My definition of "police state" always centered on "everything can be considered illegal, and whether you live or die depends on who you encounter".

  3. Funds for NASA should be cut to the bone. How much of our taxes does NASA really need for muslim outreach, their new mission thanks to Obama? It costs much less to publicize the scientific progress made possible my Arabs (maybe 300 KB on a flash drive?) than to construct, prepare, launch, track, and recover a shuttle mission. That ought to save us at least 200-300 billion, or am I being too conservative?

    Unless FLOTUS decides to take a vacation at the International Space Station, and bring all of her friends and servants, er, staff.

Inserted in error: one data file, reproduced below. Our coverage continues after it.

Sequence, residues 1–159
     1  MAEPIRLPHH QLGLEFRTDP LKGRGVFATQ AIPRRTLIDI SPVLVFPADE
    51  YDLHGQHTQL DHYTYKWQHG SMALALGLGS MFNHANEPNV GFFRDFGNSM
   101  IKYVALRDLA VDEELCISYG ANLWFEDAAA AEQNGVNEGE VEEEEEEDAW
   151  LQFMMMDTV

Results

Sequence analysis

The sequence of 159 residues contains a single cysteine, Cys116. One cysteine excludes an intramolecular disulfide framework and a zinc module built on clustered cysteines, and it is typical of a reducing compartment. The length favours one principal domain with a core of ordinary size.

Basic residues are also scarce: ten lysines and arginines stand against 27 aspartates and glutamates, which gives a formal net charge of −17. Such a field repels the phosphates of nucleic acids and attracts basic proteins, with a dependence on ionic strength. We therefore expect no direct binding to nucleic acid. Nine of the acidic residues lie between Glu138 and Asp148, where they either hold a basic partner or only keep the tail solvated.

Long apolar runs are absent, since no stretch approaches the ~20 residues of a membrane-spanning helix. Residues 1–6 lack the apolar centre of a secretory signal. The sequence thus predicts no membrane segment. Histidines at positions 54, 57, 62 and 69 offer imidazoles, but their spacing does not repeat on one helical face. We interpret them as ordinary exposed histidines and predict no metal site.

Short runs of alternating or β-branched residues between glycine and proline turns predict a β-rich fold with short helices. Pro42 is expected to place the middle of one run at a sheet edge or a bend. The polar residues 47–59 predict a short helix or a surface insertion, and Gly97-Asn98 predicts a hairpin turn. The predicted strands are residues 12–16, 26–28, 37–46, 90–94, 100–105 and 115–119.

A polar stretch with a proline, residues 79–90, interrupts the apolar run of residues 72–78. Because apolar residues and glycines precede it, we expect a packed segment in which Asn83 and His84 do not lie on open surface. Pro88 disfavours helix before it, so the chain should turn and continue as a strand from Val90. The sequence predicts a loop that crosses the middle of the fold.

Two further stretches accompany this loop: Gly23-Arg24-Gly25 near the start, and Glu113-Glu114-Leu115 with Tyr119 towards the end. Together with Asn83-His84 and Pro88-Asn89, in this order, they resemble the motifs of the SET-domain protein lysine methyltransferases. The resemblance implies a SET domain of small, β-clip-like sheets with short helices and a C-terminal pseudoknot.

4. Yep, same first name (we'll leave it to the reader to research that one if necessary). That's about where the similarity ends though - he was from Indiana, I'm from Oklahoma - he was in the Air Force, I was in the Army - he was a test pilot, I'm an engineer - he's been to space, I've been to Korea (which was kinda like another planet). I only consider myself a junior amateur space geek though, by the time I was born trips to space were old hat. However, I devoured all 3 hours of "The Right Stuff" over and over again - every time it came on HBO. The early days of the space program were definitely their greatest moments.